13 15 - 13 The Legally Protected: Women and Sexual Harassment Women are a legally protected group Sexual harassment is one of the most sensitive areas of discrimination The most frequent harassment targets Include: new employees people who are on probation in their jobs the young and experienced

14 15 - 14 The EEOC Definition of Sexual Harassment: (1 of 2) The Equal Employment Opportunity Commission (EEOC) defines sexual harassment as: Unwelcome sexual advances, requests for sexual favors, and other unwanted verbal or physical conduct of a sexual nature constitute sexual harassment when: 1. submission to such conduct is made either explicitly or implicitly a term or condition of an individuals employment

15 15 - 15 The EEOC Definition of Sexual Harassment: (2 of 2) 1. submission to or rejection of such conduct by an individual is used as the basis for employment decisions affecting such individual, or 2. such conduct has the purpose or effect of unreasonably interfering with an individuals work performance or creating an intimidating, hostile, or offensive environment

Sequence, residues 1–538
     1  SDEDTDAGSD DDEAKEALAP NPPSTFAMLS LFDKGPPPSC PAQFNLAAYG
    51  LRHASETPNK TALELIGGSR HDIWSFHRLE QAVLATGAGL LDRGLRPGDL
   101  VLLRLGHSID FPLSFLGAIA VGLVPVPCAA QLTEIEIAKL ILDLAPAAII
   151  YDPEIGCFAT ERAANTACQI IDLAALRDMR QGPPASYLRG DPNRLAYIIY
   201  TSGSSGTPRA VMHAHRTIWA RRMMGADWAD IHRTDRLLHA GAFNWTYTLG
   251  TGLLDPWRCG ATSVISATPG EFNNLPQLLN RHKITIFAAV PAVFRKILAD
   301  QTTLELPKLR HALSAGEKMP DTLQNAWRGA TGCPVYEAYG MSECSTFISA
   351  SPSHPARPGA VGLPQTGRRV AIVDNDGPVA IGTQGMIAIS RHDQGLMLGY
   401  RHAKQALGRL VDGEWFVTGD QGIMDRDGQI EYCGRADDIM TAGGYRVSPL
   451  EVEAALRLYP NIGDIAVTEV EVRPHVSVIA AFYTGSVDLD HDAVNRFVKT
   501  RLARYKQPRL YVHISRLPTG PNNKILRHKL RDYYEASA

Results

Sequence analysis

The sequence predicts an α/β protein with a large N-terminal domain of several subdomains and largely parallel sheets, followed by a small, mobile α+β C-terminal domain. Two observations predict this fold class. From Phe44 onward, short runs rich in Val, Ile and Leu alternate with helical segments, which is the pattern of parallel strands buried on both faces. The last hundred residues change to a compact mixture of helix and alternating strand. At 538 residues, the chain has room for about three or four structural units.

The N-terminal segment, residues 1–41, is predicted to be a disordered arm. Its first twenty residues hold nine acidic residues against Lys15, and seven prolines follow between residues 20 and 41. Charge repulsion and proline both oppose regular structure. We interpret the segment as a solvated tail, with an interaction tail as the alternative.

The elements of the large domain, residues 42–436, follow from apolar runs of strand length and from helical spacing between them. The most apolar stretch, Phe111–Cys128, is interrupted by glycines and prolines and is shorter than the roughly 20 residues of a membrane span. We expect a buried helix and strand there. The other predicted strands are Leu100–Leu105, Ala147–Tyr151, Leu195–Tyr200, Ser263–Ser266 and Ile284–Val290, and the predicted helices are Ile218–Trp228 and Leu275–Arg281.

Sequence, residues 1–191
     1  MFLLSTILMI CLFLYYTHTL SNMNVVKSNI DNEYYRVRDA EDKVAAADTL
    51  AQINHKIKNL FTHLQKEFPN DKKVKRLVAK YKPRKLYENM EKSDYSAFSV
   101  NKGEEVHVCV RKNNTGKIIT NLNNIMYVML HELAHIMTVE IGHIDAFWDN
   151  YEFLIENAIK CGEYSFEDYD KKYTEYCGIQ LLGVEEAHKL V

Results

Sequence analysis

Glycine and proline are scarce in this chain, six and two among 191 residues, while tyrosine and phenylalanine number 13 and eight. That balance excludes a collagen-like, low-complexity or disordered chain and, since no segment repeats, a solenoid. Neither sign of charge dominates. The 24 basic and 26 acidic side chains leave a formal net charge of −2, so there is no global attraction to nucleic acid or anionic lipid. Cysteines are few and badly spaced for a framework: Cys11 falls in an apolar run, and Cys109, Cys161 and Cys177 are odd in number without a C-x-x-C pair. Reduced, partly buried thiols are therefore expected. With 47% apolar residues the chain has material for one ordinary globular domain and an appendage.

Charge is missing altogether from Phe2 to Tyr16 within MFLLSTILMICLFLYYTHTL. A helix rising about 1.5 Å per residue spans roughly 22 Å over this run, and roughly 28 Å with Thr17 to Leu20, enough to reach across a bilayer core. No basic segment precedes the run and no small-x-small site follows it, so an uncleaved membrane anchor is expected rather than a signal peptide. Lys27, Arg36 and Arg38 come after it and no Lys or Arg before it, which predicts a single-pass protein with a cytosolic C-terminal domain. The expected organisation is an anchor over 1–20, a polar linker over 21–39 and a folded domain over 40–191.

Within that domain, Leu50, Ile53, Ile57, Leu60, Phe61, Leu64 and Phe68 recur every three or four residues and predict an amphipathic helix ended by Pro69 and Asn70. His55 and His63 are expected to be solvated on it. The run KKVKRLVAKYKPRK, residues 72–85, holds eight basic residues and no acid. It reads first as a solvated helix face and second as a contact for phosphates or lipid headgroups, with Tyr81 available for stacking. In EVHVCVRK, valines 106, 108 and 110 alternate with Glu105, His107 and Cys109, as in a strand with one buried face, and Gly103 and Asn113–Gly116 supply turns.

16 15 - 16 Areas Defined by the Courts as Harassment: Indirect Harassment Physical Conduct Visual Harassment Coercion Favoritism Unwelcome Sexual Advances

17 15 - 17Sexism Sexism – refers to discrimination based on sex Sexism limits the opportunities of both women and men to choose the lifestyles and careers that best suit their abilities and interests Men and women face discrimination when they pursue careers traditionally held by the opposite sex Culture promotes differences in males and females

18 15 - 18Women in the Work Force Married Couple Families with Children Under 18

19 15 - 19 Women in the Work Force: Mothers in the Work Force by Age of Child